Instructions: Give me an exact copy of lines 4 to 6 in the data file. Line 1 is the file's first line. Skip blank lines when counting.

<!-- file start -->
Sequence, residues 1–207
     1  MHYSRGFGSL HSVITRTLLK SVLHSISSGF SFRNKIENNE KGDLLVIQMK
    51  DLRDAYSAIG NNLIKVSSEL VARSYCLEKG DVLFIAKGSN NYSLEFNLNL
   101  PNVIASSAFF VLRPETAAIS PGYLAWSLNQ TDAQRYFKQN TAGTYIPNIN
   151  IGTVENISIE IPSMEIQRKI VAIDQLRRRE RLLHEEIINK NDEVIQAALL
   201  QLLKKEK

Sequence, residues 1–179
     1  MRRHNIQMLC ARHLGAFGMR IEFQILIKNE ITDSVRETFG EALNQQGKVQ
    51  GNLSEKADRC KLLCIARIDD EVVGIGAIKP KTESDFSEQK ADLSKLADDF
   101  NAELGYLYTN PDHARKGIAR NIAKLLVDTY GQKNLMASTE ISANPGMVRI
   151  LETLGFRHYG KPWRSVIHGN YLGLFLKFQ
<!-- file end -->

   101  PNVIASSAFF VLRPETAAIS PGYLAWSLNQ TDAQRYFKQN TAGTYIPNIN
   151  IGTVENISIE IPSMEIQRKI VAIDQLRRRE RLLHEEIINK NDEVIQAALL
   201  QLLKKEK